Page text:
On Feb. 1, the county will mail out the numbers it’s been working to calculate for the past four years, the first time new values have been assigned since 2008, just before the bottom dropped out of the real estate market. Overall, the property tax base in Jackson County will be likely more than 20 percent less in the coming budget year than it is right now.
That’s not to say that values will drop 20 percent across the board. Change in value depends on the location of the home or property and individual characteristics. Generally speaking, prices for high-end homes have dropped the most since 2008, with values for more modest homes seeing less fluctuation.
Mountain Township, located north of Highlands near the Macon County line, saw the biggest decline, losing 44.6 percent of its value. That’s largely because of a platted subdivision with more than 100 lots that, at the height of the boom, were valued near $375,000 each — now they’re worth more like $5,000. Values in Caney Fork, Savannah, Qualla and Barkers Creek were the next high-water mark, with drops in value there hovering around 24 percent. Homes located in municipalities saw the least change, with values inside Sylva town limits declining just around 6.5 percent and values in Dillsboro actually increasing slightly, by about 7 percent.
However, said Jackson’s tax administrator Bobby McMahan, it’s important not to read too much into the fluctuations of smaller areas like Dillsboro and Caney Fork, which have only 163 and 814 parcels, respectively. The remaining townships in the county have between 1,102 and 6,668 parcels.
“One or two (sales) can make a difference there,” McMahan said of smaller areas like Dillsboro — results in those areas are more easily skewed.
Though nothing has been decided yet, commissioners have voiced general agreement that the county should hike the tax rate enough to keep revenue the same as it was pre-revaluation. If the current tax rate of 28 cents per $100 of value increased by 20 percent, it would sit at 33.6 cents. That change would move Jackson County from having the lowest property tax rate in the state to the third-lowest, behind Carteret and Watauga counties.
However, McMahan said, it’s still way too early to guesstimate what the new tax rate might be. The tax department is still working out some kinks with the new values, and variables like sales tax revenue, changes in county debt and taxes on property other than real estate are yet to be pinned down.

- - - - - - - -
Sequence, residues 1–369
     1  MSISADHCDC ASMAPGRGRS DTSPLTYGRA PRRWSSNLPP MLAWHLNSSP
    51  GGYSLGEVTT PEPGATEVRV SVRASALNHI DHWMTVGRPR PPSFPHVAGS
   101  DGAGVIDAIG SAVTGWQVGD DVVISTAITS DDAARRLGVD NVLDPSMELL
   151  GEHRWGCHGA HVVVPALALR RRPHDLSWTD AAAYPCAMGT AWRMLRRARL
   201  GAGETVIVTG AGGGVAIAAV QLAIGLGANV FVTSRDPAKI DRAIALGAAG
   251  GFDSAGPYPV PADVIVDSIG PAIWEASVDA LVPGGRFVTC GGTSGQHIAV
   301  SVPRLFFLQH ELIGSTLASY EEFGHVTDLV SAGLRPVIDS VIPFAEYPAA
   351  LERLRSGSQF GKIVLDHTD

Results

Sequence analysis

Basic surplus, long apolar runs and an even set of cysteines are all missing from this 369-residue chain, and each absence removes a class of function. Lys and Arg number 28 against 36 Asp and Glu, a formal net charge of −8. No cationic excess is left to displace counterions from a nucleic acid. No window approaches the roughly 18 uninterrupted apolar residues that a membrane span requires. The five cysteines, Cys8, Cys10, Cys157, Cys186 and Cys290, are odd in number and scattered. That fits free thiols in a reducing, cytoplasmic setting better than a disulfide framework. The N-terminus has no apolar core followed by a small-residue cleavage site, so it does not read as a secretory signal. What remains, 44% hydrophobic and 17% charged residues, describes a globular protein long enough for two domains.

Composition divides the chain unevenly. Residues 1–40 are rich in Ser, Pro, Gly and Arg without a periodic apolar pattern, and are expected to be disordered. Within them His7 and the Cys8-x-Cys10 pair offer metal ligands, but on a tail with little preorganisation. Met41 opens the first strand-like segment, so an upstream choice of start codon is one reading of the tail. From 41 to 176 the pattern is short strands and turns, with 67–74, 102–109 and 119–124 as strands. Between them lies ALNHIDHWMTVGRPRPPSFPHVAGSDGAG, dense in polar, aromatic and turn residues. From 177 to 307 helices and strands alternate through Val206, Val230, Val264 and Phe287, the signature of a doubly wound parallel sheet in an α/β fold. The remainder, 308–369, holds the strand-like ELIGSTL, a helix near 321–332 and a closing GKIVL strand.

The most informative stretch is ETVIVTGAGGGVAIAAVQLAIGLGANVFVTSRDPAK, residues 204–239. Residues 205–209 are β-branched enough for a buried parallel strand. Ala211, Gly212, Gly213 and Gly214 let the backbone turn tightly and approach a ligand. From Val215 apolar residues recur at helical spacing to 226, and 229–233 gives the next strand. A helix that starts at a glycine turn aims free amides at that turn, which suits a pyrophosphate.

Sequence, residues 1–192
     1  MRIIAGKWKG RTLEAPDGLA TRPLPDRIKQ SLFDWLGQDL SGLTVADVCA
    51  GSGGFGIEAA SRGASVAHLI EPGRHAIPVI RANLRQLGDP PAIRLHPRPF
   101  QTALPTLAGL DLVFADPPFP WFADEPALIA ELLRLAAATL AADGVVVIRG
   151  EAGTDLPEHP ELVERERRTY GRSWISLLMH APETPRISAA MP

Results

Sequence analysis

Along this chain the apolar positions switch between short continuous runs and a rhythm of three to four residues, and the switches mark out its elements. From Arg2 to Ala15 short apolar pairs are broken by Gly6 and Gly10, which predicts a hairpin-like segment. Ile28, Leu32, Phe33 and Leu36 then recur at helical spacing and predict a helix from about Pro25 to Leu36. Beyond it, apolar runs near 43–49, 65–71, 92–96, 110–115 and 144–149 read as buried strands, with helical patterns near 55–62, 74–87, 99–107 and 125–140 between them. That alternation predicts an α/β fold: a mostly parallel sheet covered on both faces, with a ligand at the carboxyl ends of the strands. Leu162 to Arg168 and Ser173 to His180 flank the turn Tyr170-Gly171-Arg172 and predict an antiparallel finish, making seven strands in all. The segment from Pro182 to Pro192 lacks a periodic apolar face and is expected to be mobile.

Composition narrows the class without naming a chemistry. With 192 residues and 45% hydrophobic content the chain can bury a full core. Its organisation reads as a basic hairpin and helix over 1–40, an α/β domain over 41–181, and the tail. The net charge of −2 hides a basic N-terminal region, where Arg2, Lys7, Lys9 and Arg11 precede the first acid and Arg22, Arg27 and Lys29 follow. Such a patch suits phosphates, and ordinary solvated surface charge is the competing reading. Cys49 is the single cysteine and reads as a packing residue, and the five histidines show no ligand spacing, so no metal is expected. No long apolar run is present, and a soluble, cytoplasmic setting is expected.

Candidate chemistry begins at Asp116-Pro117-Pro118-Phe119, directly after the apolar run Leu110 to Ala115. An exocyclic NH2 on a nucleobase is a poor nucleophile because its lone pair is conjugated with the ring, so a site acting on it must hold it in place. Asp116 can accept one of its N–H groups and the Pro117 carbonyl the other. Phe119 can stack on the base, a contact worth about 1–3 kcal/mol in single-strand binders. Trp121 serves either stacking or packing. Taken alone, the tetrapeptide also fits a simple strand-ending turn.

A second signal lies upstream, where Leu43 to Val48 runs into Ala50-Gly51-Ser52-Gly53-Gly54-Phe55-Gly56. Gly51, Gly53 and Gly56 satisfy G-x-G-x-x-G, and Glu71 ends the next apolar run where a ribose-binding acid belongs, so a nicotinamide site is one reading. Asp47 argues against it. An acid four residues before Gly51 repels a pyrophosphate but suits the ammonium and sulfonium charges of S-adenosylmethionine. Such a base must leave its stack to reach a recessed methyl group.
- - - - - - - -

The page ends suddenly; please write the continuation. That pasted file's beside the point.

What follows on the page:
“There’s still a lot of missing pieces to that equation,” McMahan said.
The newly issued property values are not set in stone. If there’s a problem, owners have until March 1 to come by the tax administration office to plead their case.
“We’re going to make some errors, we’re going to make some mistakes,” McMahan said. “We have 40,000 parcels. You’re going to put something in the wrong field, and those are real easy to fix.”
If some physical characteristic of the land or building is incorrect on the mailed notice, or if the value just appears too high, owners can come by the tax office and find an employee to consider their argument. However, McMahan emphasized, the in-person part of the procedure is key. The tax department won’t handle cases over phone or email.
When weighing the cost-benefit of contesting, McMahan added, it’s important to calculate how much you might save if you win. Even at a 40-cent tax rate, a $5,000 difference in property value equates to just $20 annually on a tax bill.
“If it was me, I’d want it to be a substantial amount — $20,000, $40,000, $100,000 — before you make that effort,” McMahan said.
After the informal appeal period ends, owners will have another chance to get their assessed values changed by requesting a hearing from the Jackson County Board of Equalization.
Going forward, it’s possible Jackson County will resume conducting revaluations more frequently than the state’s legal maximum of eight years. Typically, values increase with time, and it takes less work per revaluation if they’re done more frequently. But commissioners agree that it’s a good thing, as far as county budget is concerned, that they waited as long as possible to get this one done. Things are undeniably more depressed than they were before the recession hit, but it’s getting better.
“We are seeing, not a lot, but some small growth in the tax base,” said Commission Chairman Brian McMahan. “There are some sales happening, there is some building going on. There is some small growth, and we’re making our way in the right direction.”
The revaluation timeline
• Feb 1: Notices of new tax values will go in the mail. Landowners who feel there is something wrong with the value have one month to come to the tax office to state their case. Otherwise, no action is required.
• March 1: The informal appeal period ends. Decisions on reviews requested during the informal appeal period will be made within six to eight weeks.
• April/May: Hearings before the Jackson County Board of Equalization begin. Landowners who are unhappy with the outcome of the informal appeal can go through this process. Decisions will be made within 30 days of the hearing. The Property Tax Commission in Raleigh is the last option for people still unhappy with the outcome.
• August: Bills with final property tax values will be mailed.